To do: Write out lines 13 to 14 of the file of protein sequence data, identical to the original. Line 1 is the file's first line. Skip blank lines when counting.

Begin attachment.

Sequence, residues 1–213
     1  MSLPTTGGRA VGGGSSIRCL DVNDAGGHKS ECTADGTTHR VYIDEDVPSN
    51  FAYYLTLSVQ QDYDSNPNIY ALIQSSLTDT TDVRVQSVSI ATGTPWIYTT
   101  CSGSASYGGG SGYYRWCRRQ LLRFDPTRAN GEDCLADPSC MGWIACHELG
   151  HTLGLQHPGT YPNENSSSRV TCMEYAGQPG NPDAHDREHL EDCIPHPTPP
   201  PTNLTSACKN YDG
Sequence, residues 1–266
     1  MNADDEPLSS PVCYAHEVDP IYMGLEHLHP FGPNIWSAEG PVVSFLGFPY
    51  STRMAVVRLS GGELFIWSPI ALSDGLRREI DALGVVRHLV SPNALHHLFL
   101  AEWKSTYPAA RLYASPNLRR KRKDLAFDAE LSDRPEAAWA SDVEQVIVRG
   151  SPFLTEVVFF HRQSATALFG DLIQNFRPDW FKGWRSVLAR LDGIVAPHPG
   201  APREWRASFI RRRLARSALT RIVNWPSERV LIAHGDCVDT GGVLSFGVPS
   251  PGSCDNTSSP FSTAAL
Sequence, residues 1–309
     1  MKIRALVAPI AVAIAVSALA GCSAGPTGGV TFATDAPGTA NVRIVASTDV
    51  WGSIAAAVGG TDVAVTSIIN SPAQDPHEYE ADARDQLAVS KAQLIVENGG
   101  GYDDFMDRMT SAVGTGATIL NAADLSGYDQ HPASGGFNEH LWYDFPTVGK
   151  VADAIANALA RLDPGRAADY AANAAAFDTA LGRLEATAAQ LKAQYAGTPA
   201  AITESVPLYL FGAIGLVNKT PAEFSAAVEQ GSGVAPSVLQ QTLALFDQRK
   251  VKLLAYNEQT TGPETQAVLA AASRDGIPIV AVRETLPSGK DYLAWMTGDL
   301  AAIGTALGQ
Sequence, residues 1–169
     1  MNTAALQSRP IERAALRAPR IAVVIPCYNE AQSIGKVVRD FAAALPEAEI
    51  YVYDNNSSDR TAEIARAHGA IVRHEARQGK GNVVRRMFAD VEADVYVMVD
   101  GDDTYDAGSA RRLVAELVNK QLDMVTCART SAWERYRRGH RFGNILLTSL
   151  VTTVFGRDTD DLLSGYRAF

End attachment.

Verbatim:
   251  PGSCDNTSSP FSTAAL
Sequence, residues 1–309